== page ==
151 Lecture Module 5 “Economy and Business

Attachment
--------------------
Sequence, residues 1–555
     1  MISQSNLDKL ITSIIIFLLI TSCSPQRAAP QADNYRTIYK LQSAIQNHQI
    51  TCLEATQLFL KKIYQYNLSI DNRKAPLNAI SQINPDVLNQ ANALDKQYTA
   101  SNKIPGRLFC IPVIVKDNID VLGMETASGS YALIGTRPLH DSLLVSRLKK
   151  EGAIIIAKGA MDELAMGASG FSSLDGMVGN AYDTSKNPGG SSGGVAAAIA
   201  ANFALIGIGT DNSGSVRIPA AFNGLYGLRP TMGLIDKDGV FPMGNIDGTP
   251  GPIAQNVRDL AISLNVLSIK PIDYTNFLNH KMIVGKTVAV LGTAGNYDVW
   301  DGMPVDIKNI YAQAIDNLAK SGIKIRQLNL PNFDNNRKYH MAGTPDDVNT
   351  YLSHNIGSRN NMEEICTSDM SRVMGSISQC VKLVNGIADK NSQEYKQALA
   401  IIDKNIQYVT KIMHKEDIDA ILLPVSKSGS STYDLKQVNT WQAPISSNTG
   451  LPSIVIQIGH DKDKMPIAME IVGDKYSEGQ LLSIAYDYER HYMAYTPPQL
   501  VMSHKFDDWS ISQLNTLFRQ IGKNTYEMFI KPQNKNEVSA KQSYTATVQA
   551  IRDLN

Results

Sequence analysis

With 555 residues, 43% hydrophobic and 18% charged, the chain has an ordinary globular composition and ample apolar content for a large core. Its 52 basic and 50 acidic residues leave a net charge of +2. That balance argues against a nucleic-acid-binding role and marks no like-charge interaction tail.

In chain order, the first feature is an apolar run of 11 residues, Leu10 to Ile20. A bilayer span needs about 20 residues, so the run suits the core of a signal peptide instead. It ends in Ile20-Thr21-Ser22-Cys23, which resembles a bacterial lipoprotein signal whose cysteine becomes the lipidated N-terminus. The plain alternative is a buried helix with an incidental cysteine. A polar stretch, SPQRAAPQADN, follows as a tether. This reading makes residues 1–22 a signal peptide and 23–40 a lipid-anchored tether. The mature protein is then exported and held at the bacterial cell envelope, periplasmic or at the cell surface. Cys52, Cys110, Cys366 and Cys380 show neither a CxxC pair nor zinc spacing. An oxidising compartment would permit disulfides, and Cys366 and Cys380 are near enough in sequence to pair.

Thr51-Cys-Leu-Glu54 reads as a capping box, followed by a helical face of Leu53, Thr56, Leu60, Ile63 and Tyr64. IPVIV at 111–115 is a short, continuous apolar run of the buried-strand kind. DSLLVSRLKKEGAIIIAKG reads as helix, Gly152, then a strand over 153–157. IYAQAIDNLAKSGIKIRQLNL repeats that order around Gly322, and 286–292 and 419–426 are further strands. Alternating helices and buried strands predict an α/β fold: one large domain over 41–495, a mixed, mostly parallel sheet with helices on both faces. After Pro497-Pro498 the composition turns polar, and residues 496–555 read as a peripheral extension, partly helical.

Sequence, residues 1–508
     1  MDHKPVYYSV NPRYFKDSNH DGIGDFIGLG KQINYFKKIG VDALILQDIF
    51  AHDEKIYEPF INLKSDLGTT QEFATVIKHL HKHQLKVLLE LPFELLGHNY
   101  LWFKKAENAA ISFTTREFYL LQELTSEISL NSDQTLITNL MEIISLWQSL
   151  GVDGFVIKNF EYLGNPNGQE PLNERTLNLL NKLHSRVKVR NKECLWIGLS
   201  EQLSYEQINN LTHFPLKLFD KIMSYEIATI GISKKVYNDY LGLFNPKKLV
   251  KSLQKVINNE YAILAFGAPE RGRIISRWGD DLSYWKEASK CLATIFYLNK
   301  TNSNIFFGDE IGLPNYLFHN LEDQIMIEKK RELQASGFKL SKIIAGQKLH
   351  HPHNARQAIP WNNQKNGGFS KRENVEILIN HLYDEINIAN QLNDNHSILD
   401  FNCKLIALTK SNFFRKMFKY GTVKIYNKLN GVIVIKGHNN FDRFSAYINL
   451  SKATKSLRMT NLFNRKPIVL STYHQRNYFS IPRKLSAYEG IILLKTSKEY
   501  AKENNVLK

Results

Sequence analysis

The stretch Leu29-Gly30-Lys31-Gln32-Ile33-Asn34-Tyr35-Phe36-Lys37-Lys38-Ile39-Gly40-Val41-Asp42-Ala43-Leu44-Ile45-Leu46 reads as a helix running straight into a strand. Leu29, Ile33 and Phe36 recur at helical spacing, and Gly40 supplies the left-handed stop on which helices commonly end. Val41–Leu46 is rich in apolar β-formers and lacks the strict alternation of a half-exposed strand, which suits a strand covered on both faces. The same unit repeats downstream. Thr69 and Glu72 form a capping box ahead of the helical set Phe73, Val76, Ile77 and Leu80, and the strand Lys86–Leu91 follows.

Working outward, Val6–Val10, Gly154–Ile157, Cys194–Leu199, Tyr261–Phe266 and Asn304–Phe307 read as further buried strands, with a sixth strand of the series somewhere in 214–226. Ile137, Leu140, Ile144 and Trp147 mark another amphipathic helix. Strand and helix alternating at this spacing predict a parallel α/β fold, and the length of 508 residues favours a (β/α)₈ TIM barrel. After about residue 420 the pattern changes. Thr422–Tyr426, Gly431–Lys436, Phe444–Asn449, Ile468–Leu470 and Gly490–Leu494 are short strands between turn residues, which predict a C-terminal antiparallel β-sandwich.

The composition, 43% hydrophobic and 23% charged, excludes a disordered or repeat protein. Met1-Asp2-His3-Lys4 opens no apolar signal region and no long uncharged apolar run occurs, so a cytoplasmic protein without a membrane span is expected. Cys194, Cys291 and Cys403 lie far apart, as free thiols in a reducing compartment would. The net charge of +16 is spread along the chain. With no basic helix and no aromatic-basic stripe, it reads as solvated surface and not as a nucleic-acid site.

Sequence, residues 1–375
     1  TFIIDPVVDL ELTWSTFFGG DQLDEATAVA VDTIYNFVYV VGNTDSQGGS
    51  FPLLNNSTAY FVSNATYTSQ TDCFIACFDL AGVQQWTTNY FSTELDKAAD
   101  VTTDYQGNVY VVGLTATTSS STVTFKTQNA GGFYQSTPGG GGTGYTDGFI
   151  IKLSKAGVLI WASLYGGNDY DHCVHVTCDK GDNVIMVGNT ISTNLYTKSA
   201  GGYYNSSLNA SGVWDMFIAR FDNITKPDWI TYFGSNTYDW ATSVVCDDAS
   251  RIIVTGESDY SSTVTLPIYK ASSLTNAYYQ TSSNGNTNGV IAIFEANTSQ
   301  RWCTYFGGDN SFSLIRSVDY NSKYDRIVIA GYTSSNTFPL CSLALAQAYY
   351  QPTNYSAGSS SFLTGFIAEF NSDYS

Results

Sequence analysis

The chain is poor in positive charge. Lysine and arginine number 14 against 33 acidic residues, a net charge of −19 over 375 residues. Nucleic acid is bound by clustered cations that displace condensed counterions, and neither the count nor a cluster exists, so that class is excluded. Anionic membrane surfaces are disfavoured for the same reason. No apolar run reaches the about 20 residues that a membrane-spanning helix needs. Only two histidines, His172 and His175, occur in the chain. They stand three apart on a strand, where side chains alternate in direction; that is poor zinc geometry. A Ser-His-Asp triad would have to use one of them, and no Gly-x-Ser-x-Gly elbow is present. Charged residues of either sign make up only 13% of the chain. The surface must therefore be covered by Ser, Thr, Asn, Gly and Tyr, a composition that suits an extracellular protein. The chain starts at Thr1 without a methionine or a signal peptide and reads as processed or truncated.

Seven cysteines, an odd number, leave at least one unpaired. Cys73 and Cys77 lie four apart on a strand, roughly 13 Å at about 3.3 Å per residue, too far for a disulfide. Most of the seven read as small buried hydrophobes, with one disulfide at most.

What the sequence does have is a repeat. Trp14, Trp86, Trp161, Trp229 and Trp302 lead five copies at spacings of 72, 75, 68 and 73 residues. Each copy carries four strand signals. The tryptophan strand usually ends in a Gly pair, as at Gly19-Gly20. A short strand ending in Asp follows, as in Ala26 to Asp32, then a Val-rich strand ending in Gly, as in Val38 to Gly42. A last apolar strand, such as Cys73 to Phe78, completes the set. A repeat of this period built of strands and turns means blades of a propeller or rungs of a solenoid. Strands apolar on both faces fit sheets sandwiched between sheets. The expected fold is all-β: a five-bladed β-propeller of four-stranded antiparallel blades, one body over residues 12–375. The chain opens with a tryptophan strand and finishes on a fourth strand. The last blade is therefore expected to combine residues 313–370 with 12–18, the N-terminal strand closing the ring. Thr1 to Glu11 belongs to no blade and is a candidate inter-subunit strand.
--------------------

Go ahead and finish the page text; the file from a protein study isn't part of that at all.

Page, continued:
500-word essay on this subject: “What is dirigisme and to what extent does it influence the economy and business in France?” Justify your answer by referring to specific parts of the readings for this module. You must include all the readings and viewingsReading :Drake 174-194Gopnik “The Strike” 28-35 and “Trouble at the Tower” 123-25,NY Times, “A French Paradox at Work . . .,” 11 Nov 1999, by Suzanne Daley.NY Times, “France to Let Companies Scrap 35-Hour Week,” 24 July 2008, by Agence France Presse.NY Times, “France Sees Surge in Foreign Investment,” 28 March 2011, by Matthew Saltmarsh.LET 151 Lecture Module 5 “Economy and Business”The French economy is one of the world’s largest, ranking always in the top tenand some years as high as the fifth largest.Business SuccessFrance leads the world in many domains. Areva is the world leader in nuclearenergy. Vinci Construction is the world leader in construction. Total is France’s largestcompany, and one of the world’s largest energy companies. Many people are familiarwith France’s luxury goods, like Louis Vuitton leather goods, Chanel perfumes, andChristian Dior evening gowns. Lesser know French products may surprise you. Forinstance, Motel 6 is owned by the French Accor group of hotels. Boston’s Bunker Hillbridge uses stay cables designed by the French company Freysinnet. And Nissan carscan be said to be roughly half French since Renault and Nissan formed a strategicpartnership in 1999. Take a look at page 180 in Helen Drake’s Contemporary France tosee the names of more French companies. The article entitled “France Sees Surge inForeign Investment” gives some indications of France’s competitiveness in today’sworld.EconomicsOverall, France is a capitalist country today.1 But France also has a long traditionof state-intervention or “dirigisme” with respect to the economy. The “dirigiste” traditionprecedes the Revolution and is partly the reason for the glory of seventeenth-centuryFrance. With the advent of the Revolution, a new value entered economic matters – thepublic good. This notion of national solidarity, or the third term in the revolutionaryslogan of “Liberté, Egalité, Fraternité,” has molded France’s economic matters eversince. The French Revolution was largely about eliminating “privilège,” that is,exclusive rights or special exceptions to certain people or certain regions. So the Frenchhave a tendency to believe that the economy must benefit everyone and that this can bestbe done through centralized decisions. In the US, the tendency is to believe somethingalmost the opposite of this. Americans tend to believe that individual gain is the best wayto ensure the economy benefits everyone. In actual practice, the economies of the twocountries probably are generally fairly close, but the underlying beliefs are starklydifferent. Read Drake’s pages carefully to get more information on dirigisme.Other ReadingsYou will also read two parts of Adam Gopnik’s Paris to the Moon. As you read,“The Strike” you will get some insights into French economic practices and the country’scentralization. He mentions how France is centralized around Paris (in a way all roadsand railroads mostly do lead to Paris. Also, 20% of France’s population lives in the Parisarea. Most companies have their headquarters there. One quarter of all universitystudents attend schools in the Paris area. It’s like New York, Washington DC, and LA allin one). The strike itself is the reason I chose the chapter. In France, workers tend totake an adversarial role in respect to management. Thus, the rule seems to be “Strike1The Communists are an obvious exception. Some of the Socialists are also exceptions, but since roughlythe middle of Mitterrand’s first term, the Socialist Party accepts a market-based economic system.first, negotiate later.” Note, however, that union membership is higher in the US than inFrance. In talking about the Constitution of the Fifth Republic, James Corbett notes onpage 223 of Through French Windows that “The trouble is that issues that never make itto the National Assembly tend to explode in the streets.” Thus, the Fifth Republic can beseen as the root cause of France’s strikes.In “The Tower” Gopnik relates a funny and true incident that reveals someinteresting cultural differences. Commerce is the US is highly service-oriented. InFrance, it is more trade-oriented. Waiters, for instance, in France go through training andare licenced to exercise their trade (métier, in French). You don’t tip them because thetip in included in the bill (service compris). In my opinion, the tip is included becausethe waiters have professional pride and will do a good job to honor their trade. The ideaof “serving” a table to earn a good tip seems vaguely humiliating. It’s a lot like Gopnik’sidea of “producerism.”The newspaper articles deal with some important issues. The one entitled“French Paradox at Work” is about a really important and controversial aspect of Frenchlife today – the 35-hour work week. As you read it, think about who proposed it andwhy. Then chart the pros and cons of it for both workers and employers. And then youshould read the follow-up on the 35-hour work in the other article “France to LetCompanies Scrap 35-Hour Week.”

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